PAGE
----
I had the pleasure of participating in a cross Irish/South African funeral.  The family spoke lovingly,  “We’re taking John home, to Ireland, to his seminary, to his mother and then he will be buried with his father in the family grave,” they said, the family of Fr John Cleary a “madcap” Irish missionary who died while still young, in Johannesburg, after a long battle with cancer.  That saying jarred a little with me. After my husband, Chris, died I didn’t equate him with his body. I very quickly said goodbye to his mortal remains. What was much more relatable from Fr John’s funeral programme was the saying, “And life itself is only an instant. Only the dissolving of ourselves in all others, as though in gift to them.”   But even that jarred a little. After five years I still long for a reunion, with him and me, not his dissolving in all others. 

In spite of our Catholic belief in life after death and the communion of saints many of us find it a personal struggle to cope with the death of a loved one. There is nothing one wants more than to be reunited with them and yet you feel uncertain.  There are those who do not believe in life after death and many people who do not ever give this matter much thought.  Still others feel relieved, sadly, because the relationship was so full of difficulties. Some of these realities are cultural others deeply personal.  The Irish way is celebrating the life with a joyous gathering of family, friends, music and song, with plenty of food and plenty to drink.          

One of the blessings in my bereavement process has been interacting with African people for whom death is a much more natural event than for most westerners.  They appear to accept the reality and yet they do grieve deeply; they need closure through saying farewell. An African funeral is a very important aspect of cultural life. There are different practices but the send-off has to be the best possible, everyone who is anyone has to be there, and to be provided for. Neighbours lend a hand, or money, crockery and cutlery to grace the occasion.

The traditional African life view embraces some fundamental statements and concepts. “I am a person through others.” Life consists of the pre-born, those who are living now and those who have died.  To be human is to relate; to all these different classes of people.  So it is OK for couples to continue to love till death and beyond, if they choose.   It is OK for parents to grieve for and love their children who have died and for children and siblings to mourn. 

The nature of the death like the nature of life does affect our relationship after death.  But forgiveness and healing are possibilities not to be disregarded. Some relationships were good and remain cherished memories.  Some relationships were good and yet contain unfinished business.Some relationships were painful and fearfilled.    If through a long illness death is slow in coming, together with the pain there is a chance to say goodbye and make one’s peace. If death is sudden this is often not the case and unresolved issues remain.

Death through AIDS can have its own set of emotional and practical difficulties for families to face. One such difficulty is  when the means to pay is not there and money that should be spent on supporting the remaining members of the family, especially orphans, is spent on an overly elaborate funeral.  The SA Council of Churches repeatedly calls for rationality in this matter.  The funeral trade relentare lessly gobbles up the money that should be used to support the remaining family members and not put them into debt they can probably never repay. I am told that “after-tears,” the party after the funeral meal is becoming a tradition that can also be financially crippling and is not concerned with paying tribute to the dead. Funeral policies are popular and a help but also come at a cost.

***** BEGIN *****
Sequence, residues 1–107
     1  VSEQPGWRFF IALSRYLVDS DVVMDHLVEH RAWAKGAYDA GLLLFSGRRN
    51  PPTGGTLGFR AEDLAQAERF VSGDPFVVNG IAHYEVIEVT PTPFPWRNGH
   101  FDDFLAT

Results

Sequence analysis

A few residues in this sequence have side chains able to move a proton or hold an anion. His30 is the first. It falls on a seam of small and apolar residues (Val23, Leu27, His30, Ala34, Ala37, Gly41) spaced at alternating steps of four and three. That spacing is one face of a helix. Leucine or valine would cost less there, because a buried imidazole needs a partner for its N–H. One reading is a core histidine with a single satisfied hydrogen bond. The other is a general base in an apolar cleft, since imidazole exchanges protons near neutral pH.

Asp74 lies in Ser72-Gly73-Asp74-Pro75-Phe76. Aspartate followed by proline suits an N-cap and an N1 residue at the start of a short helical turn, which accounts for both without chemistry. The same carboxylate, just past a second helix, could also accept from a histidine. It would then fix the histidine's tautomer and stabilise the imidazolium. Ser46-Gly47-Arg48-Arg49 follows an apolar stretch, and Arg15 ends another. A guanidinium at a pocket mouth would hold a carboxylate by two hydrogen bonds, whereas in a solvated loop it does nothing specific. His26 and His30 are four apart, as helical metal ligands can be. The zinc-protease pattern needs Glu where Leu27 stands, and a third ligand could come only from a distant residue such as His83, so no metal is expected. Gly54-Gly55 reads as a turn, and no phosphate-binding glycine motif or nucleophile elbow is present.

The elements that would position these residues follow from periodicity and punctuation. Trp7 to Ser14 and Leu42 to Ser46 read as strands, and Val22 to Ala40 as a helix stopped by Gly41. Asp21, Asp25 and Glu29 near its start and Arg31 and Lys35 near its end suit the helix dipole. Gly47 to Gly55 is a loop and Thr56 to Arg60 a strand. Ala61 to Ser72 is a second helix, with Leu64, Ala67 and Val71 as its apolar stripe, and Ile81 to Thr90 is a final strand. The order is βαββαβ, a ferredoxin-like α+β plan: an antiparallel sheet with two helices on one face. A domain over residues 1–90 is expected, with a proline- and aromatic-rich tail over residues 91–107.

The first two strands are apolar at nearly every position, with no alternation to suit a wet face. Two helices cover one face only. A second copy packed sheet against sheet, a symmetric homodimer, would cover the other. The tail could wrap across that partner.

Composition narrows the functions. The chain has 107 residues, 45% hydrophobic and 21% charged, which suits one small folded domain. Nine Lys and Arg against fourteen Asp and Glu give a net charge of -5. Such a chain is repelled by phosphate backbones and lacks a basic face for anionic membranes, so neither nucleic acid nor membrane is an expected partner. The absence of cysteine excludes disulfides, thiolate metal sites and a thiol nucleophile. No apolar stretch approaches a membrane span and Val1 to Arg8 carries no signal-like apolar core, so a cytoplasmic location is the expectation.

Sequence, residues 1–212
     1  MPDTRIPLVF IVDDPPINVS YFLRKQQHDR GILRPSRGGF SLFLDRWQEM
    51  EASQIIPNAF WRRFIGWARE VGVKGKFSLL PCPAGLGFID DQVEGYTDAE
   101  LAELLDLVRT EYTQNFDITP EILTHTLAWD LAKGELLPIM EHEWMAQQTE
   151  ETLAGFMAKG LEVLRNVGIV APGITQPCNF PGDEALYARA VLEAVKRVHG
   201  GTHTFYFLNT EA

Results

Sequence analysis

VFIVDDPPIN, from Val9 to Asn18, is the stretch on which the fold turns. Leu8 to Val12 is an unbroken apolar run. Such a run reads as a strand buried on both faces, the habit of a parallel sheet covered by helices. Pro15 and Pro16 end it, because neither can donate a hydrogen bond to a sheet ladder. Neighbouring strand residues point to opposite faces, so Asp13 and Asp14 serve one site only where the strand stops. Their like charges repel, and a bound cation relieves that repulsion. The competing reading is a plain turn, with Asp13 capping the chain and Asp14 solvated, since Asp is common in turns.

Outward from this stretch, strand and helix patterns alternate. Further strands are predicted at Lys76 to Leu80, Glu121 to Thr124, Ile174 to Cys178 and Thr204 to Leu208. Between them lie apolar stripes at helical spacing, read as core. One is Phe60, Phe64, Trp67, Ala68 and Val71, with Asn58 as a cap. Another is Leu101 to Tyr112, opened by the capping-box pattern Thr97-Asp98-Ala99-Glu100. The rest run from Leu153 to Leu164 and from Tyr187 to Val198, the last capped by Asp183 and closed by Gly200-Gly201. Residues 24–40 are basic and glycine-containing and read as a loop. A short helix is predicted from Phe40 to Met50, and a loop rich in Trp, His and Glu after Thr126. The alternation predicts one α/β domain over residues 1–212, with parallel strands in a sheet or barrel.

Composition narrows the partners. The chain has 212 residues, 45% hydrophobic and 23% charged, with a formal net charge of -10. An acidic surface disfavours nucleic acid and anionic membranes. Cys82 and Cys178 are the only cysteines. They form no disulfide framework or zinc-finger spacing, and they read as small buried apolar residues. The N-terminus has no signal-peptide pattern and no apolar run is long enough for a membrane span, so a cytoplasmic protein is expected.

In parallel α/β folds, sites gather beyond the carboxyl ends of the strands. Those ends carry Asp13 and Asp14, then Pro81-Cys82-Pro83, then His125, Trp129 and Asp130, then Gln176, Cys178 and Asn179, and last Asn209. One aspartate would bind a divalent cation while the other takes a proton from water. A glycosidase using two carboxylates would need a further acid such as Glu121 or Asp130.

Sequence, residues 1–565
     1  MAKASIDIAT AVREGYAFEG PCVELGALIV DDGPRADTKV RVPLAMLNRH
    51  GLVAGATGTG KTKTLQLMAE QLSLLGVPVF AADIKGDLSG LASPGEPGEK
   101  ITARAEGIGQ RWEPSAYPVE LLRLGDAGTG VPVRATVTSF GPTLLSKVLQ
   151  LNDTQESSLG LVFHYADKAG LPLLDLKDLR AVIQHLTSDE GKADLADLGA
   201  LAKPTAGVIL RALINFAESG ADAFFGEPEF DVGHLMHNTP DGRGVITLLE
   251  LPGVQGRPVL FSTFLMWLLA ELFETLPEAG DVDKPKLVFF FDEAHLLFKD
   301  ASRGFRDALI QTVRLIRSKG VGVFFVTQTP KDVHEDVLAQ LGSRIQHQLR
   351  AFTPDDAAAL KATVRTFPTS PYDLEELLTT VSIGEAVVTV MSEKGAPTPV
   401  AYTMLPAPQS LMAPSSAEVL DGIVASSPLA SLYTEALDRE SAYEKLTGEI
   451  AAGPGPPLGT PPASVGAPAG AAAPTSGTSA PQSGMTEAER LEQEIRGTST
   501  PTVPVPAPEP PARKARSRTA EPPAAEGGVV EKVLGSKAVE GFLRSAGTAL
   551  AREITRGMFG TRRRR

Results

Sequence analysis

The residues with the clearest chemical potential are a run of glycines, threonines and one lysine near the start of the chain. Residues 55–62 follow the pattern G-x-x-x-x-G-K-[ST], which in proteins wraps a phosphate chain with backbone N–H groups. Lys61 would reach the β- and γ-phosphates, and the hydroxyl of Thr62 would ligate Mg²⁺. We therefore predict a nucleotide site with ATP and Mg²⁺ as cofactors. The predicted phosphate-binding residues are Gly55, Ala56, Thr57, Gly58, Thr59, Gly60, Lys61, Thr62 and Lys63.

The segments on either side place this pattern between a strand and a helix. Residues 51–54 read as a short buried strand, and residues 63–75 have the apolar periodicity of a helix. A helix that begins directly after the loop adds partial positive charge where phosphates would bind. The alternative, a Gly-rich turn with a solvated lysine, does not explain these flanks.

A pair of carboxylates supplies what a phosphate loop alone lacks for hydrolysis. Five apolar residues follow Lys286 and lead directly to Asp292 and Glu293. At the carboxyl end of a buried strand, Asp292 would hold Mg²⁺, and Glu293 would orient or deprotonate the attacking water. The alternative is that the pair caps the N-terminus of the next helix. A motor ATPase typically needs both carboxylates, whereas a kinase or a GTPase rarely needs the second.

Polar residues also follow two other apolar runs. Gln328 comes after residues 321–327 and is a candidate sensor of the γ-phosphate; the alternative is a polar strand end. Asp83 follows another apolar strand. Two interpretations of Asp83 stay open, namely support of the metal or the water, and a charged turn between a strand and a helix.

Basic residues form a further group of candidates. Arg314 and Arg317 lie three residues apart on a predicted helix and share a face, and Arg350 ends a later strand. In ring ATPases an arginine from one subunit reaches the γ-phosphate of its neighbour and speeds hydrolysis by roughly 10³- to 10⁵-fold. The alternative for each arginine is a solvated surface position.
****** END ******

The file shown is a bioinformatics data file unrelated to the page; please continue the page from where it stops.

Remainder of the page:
During November we pray for those who have died, that they may have eternal rest. Remembrance Day commemorates an end to WW1, signed at 11. On 11.11.11.  Millions of people have died in the 3 World Wars in just over a century.   However we should attend with care too to the others in need, those who remain, the orphans, the widowed, the siblings and other family members and close friends who continue to carry the burdens of loss.  Gender-based violence and femicide have been the issue at a 2 day Presidential summit on 1-2 November.  Every day the news contains reports of murders of women, children but more men are killed and people die in accidents.   Death comes in all circumstances, from natural due to old age or illness, to unnatural. Whatever the circumstances death  leaves many open wounds.  Our ultimate call in being church is being part of the communion of saints, a family of saints to be celebrated and commemorated on both All Souls and All Saints and on throughout the month in our unique ways, until we reach our resurrection.  

This week the World (of families) is engaged in COP27, the very important climate change conference in Egypt. Discussions are centred mainly on the implications, mitigation, adaptation, compensation.   But little focus is on loss of biodiversity, extinction of species, of plant and animal. Immense loss in wildlife and simple categories such as bees and insects.   Preface for the dead states “Life is changed not ended.” Pope Francis the Gospel of Creation  in Laudato Si  writes that they will no longer give glory to God, in this life.  But speaking of the end of time he states,  “The creatures of this world no longer appear to us under merely natural guise because the risen Christ is mysteriously holding them to himself and directing them towards fullness as their end.  Everything will be imbued with his radiant presence.  TR  FAMILY WEEKLY 9 NOVEMBER 2022